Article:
Monday, October 11, 2010

Who am I?

She is the daughter of a poet even though she could not see him for the first time on a portrait photo before she was 20 years old. Her mother played her part in this as well as in her natural-scientific interest - she was one of the few women who had studied geometry and astronomy. This mathematically interested mother brought her up befitting her social status in a conventional way; however, she ensured that she got a natural-scientific education - her tutor was a former Cambridge professor and the usual private tuition included the subjects mathematics and astronomy which was highly unusual for girls.

She developed an interest for machines when she was 18 years old. She visited technical exhibitions and attended scientific lectures. In the early 1830s she met the reputed mathematician Mary Somerville. Mary Somerville encouraged her to study mathematics and technology and introduced her to the scientific circles in London. Here she heard about Charles Babbage's idea of a new calculating machine, the difference engine, for the first time in 1834.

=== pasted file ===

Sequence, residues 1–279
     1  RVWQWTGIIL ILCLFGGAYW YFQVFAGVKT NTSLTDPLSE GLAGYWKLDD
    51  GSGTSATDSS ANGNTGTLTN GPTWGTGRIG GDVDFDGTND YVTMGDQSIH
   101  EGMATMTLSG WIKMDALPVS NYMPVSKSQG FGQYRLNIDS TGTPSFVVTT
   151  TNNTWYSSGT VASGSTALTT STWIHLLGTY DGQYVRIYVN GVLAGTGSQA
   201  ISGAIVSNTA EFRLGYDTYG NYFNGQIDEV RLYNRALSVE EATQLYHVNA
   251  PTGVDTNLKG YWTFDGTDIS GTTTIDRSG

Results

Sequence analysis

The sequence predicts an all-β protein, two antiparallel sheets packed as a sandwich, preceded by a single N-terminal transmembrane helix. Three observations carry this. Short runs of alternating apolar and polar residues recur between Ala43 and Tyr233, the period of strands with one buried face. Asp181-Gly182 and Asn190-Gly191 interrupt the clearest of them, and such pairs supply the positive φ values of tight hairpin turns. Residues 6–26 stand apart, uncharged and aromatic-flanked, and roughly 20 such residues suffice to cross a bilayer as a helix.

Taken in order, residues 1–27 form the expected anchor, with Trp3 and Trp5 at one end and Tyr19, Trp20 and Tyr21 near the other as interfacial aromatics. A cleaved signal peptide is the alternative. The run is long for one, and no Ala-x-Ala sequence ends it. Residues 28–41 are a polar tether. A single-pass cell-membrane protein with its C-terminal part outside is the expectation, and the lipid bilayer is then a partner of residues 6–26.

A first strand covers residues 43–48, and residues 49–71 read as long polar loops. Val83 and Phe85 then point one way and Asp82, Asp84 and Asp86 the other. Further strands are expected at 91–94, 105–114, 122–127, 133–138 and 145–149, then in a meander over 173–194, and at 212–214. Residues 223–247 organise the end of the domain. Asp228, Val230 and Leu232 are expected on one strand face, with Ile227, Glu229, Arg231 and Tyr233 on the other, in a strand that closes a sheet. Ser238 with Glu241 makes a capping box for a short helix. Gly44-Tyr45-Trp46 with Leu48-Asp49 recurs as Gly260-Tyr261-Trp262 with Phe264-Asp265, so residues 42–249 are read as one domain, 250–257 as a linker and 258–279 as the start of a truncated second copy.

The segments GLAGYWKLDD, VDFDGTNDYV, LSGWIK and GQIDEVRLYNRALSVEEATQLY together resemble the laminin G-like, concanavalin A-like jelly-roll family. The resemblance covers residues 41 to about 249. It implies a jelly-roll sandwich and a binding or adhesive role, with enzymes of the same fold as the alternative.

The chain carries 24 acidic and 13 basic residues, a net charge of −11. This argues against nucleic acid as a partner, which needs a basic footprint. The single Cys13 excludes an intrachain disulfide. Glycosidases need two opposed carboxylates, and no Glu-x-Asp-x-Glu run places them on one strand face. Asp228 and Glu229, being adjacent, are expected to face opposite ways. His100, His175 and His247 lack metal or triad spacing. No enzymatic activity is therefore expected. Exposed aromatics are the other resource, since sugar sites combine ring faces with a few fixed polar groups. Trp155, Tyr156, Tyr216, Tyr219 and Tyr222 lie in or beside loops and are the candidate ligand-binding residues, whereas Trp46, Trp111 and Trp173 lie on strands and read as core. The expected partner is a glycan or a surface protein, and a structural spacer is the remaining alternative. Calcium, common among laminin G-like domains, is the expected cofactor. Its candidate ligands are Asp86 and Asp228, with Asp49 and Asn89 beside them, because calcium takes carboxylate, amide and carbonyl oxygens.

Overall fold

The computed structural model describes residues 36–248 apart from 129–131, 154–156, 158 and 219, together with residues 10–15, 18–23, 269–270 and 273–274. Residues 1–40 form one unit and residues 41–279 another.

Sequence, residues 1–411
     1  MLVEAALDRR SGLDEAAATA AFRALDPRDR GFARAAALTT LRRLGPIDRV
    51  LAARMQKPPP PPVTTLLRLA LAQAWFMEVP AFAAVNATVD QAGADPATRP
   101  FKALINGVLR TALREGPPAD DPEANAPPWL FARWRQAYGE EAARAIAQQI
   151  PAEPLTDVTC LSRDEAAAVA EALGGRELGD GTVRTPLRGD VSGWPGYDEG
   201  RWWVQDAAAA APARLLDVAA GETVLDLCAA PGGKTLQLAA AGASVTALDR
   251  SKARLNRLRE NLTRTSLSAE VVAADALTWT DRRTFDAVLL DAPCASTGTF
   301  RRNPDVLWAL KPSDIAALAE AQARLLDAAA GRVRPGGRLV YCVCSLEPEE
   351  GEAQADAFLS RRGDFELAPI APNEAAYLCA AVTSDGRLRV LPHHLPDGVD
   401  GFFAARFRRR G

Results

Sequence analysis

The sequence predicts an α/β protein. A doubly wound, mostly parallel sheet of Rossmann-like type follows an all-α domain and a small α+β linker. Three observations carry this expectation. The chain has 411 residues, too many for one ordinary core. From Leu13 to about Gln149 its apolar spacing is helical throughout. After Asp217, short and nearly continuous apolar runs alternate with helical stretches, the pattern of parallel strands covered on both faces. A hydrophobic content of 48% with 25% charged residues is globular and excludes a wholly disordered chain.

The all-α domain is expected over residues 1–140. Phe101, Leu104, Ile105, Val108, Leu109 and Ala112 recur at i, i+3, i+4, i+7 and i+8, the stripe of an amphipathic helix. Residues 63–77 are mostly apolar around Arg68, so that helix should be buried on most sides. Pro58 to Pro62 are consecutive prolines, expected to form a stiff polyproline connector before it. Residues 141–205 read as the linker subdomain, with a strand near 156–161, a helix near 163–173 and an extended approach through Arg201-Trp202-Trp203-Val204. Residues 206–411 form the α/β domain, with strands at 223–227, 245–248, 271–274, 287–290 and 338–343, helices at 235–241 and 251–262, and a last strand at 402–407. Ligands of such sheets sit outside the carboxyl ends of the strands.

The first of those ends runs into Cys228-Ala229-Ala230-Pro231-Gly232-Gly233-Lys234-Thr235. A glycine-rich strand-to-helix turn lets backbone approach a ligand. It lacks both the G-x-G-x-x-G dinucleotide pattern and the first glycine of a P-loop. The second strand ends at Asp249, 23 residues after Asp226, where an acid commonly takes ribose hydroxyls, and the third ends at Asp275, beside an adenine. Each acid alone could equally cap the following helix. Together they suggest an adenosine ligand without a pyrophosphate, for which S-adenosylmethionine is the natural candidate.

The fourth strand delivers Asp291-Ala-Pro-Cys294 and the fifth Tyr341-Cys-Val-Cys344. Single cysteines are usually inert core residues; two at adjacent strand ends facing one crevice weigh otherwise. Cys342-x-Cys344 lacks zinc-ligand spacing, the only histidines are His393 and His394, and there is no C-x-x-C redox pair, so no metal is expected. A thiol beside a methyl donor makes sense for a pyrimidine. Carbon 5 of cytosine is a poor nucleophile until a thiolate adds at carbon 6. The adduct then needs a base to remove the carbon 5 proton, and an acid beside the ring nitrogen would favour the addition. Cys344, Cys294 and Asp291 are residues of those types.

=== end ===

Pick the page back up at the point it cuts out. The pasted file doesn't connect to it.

She got married at 19. Her husband wrote for her; nevertheless her marriage was quite unhappy - as she said herself - since there was only little time left for her two passions mathematics and music besides her motherly duties. To complicate matters further, access to libraries was forbidden for women. In 1840 she started correspondence with Augustus De Morgan, the first professor for mathematics at the University of London, so that she could at least continue her studies in this way.

After she translated an Italian article about Babbage's second big calculator project, the analytical engine, in 1842 and sent the text to Babbage, the latter encouraged her to study the engine in more detail and to add her own explanations. The comments tripled the length of the original article. Together they further worked out the programming basics of the analytical engine. Ada's suggestion to calculate the Bernouil figures is today considered to be first computer program.

'The analytical engine', she said, 'weaves algorithmic patterns just like the Jacquard loom weaves flowers and leaves.' Her mathematic brain was distinguished by her extraordinary imagination.

This cooperation found Babbage's interest but he declined any further cooperation.

Neither was it possible then to implement the theoretical findings into technology since at that time it was not possible to manufacture precision instruments such as today's EDP systems. However, her findings ensure that today's computer systems work: In 1979, more than 100 years after her death, a programming language was named after her.

Solution will be given in the next entry...

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